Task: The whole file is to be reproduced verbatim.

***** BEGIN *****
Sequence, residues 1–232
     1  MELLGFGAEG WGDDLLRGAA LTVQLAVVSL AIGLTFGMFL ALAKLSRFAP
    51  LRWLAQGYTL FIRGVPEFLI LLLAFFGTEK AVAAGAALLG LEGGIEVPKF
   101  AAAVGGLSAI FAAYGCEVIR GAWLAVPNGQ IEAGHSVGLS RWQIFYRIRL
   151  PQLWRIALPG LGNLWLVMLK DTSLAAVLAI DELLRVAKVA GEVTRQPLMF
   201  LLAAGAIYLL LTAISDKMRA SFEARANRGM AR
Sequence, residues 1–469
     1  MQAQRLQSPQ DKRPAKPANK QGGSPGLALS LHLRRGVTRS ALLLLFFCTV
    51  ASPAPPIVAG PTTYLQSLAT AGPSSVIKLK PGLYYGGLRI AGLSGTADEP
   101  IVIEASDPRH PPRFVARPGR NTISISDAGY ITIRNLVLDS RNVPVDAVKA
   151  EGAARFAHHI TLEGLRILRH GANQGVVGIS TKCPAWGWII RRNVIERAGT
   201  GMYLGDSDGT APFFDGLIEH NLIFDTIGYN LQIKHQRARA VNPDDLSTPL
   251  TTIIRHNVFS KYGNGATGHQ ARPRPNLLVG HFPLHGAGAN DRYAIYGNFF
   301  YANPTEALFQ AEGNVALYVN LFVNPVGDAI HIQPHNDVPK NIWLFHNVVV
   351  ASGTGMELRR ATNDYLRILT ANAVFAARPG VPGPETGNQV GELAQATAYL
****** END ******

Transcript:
Sequence, residues 1–232
     1  MELLGFGAEG WGDDLLRGAA LTVQLAVVSL AIGLTFGMFL ALAKLSRFAP
    51  LRWLAQGYTL FIRGVPEFLI LLLAFFGTEK AVAAGAALLG LEGGIEVPKF
   101  AAAVGGLSAI FAAYGCEVIR GAWLAVPNGQ IEAGHSVGLS RWQIFYRIRL
   151  PQLWRIALPG LGNLWLVMLK DTSLAAVLAI DELLRVAKVA GEVTRQPLMF
   201  LLAAGAIYLL LTAISDKMRA SFEARANRGM AR
Sequence, residues 1–469
     1  MQAQRLQSPQ DKRPAKPANK QGGSPGLALS LHLRRGVTRS ALLLLFFCTV
    51  ASPAPPIVAG PTTYLQSLAT AGPSSVIKLK PGLYYGGLRI AGLSGTADEP
   101  IVIEASDPRH PPRFVARPGR NTISISDAGY ITIRNLVLDS RNVPVDAVKA
   151  EGAARFAHHI TLEGLRILRH GANQGVVGIS TKCPAWGWII RRNVIERAGT
   201  GMYLGDSDGT APFFDGLIEH NLIFDTIGYN LQIKHQRARA VNPDDLSTPL
   251  TTIIRHNVFS KYGNGATGHQ ARPRPNLLVG HFPLHGAGAN DRYAIYGNFF
   301  YANPTEALFQ AEGNVALYVN LFVNPVGDAI HIQPHNDVPK NIWLFHNVVV
   351  ASGTGMELRR ATNDYLRILT ANAVFAARPG VPGPETGNQV GELAQATAYL